Out of approximately 1.6 million engineering jobs reported by the U.S. Bureau of Labor Statistics in 2015, the number of women who own those jobs is far from half.
In 2015, the National Science Foundation reported that about 12.9 percent of employed engineers were female. But the low percentage of female engineers, which was 11.6 in 2006, is not new information.
A typical Cal Poly Pomona engineering class reflects these statistics, but the CPP’s Society of Women Engineers seeks to change that in the long run.
“I just want it to get to the point where it’s not a matter of supporting women in engineering — it’s the fact that it’s normal for a woman to be an engineer,” said Jego Santos Fonseca, the president of CPP’s Society of Women Engineers.
Though Kylie Ng, a third-year mechanical engineering student, said the male-to-female ratio varies by class, she said it’s usually not 50-50.
“In a class of 30, there might’ve been a total of four girls, which is more than I initially expected because I thought I’d be the only girl in my class,” said Ng, the team tech coordinator of CPP’s Society of Women Engineers.
While a CPP engineering classroom is an apparent microcosm of the engineering workforce, this disparity in male and female numbers prompted the creation of the national organization Society of Women Engineers, or SWE, in 1950.
CPP’s own SWE, known as CPP SWE, was established on campus in the late 1980s according to Fonseca.
Since then, the organization aims to foster a community in which female engineers could interact and network with other female engineers on and off campus.
The organization offers opportunities in outreaching, networking, building company-sponsored projects and socializing to bolster support and camaraderie among female and male student engineers at CPP.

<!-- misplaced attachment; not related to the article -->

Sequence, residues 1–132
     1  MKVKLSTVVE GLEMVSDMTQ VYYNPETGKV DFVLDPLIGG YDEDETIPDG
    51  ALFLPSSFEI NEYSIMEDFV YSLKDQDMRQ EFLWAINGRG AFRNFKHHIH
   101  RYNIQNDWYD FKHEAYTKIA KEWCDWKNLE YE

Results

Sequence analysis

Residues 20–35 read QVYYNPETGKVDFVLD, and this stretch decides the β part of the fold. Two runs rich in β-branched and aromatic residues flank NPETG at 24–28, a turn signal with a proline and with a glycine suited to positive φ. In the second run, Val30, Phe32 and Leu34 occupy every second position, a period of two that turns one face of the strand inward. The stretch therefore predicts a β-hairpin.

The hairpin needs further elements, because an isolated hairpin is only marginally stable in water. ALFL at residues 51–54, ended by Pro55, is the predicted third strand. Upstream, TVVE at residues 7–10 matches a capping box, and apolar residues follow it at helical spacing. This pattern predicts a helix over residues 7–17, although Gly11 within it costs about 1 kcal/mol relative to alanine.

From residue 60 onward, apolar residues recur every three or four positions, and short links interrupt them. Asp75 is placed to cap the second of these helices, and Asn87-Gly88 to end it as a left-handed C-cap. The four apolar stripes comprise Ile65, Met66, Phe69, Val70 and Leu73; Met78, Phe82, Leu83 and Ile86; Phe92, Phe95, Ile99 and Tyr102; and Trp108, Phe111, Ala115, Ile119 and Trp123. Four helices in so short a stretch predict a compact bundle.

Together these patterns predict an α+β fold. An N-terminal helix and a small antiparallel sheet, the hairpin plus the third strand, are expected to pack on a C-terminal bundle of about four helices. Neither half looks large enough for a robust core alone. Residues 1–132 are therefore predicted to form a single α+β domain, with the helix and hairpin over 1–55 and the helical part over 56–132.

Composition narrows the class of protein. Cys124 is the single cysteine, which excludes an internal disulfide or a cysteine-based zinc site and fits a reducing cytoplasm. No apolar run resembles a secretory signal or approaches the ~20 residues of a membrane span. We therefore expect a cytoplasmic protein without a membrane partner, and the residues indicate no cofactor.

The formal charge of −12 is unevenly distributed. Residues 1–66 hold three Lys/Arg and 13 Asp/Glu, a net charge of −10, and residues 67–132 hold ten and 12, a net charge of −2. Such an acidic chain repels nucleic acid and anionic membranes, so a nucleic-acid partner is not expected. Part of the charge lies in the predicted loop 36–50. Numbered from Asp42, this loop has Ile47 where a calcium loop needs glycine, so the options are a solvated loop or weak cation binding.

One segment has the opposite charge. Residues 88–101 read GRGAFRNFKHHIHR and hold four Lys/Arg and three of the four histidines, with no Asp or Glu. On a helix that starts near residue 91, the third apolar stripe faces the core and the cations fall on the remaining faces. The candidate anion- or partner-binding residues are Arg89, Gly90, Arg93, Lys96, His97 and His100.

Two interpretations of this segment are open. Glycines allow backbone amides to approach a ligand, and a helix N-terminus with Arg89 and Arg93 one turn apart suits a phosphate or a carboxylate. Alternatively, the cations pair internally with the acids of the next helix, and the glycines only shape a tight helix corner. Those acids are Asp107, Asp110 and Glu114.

The name of the organization can be misleading, Fonseca explained, but she denied the conception that SWE is exclusively for females.
In fact, the organization launched a campaign in 2015 called HeForSWE to gather more male support for females in engineering. The campaign seeks to include male students as active members of the organization to “support women to reach their full potential,” according to CPP SWE’s website.
“Since engineering is a male-dominated field, we need the support of males in the field in order to be successful,” Fonseca said.
Members of CPP SWE like Ng and Yatziri Enriquez appreciate the inclusion of both males and females in the club.
“I think it’s great, the fact that it focuses on women being added to the club, but it opens the door to also men, and it really creates a support system for everybody,” said Enriquez, a senior civil engineering transfer student.
Ng expressed the inclusion shows growing support for gender equality in engineering.
Although neither Ng nor Fonseca cited sexism as a problem during their experiences at CPP, Fonseca did remember one instance of being delegated simpler tasks by her male peers.
“I don’t know if it’s exactly because I’m a girl, but they tended to give me the easier ones,” recalled the fourth-year mechanical engineering student.
With that, Fonseca said one important benefit of CPP SWE is that it spotlights female figures that have succeeded in engineering whom members could look up to.
“Having a program like this really is helpful to see that there are people who have done it before you, and so can you,” Fonseca said.
Similarly, a 2017 study published in the Proceedings of the National Academy of Sciences of the United States of America reported positive effects of female peer mentors on female engineering college students.
The study noted the mentors increased student retention in engineering and promoted positive academic experiences.
“You get the opportunity to see these people and be like, ‘Hey, it’s possible,’” Fonseca said.
One of Fonseca’s ultimate goals for CPP SWE is to develop a larger presence on campus again, as member numbers have fluctuated in the past years.
“We have a good presence, but we could do better,” Fonseca said.
She recognizes SWE is a large organization at the national level, and she hopes to match that on campus by coordinating bigger events that feature more engineering companies to boost turnout and membership rates.
Another goal of Fonseca’s is to introduce WeForSWE, a movement that everyone, not just males, supports the cause to encourage females in engineering.
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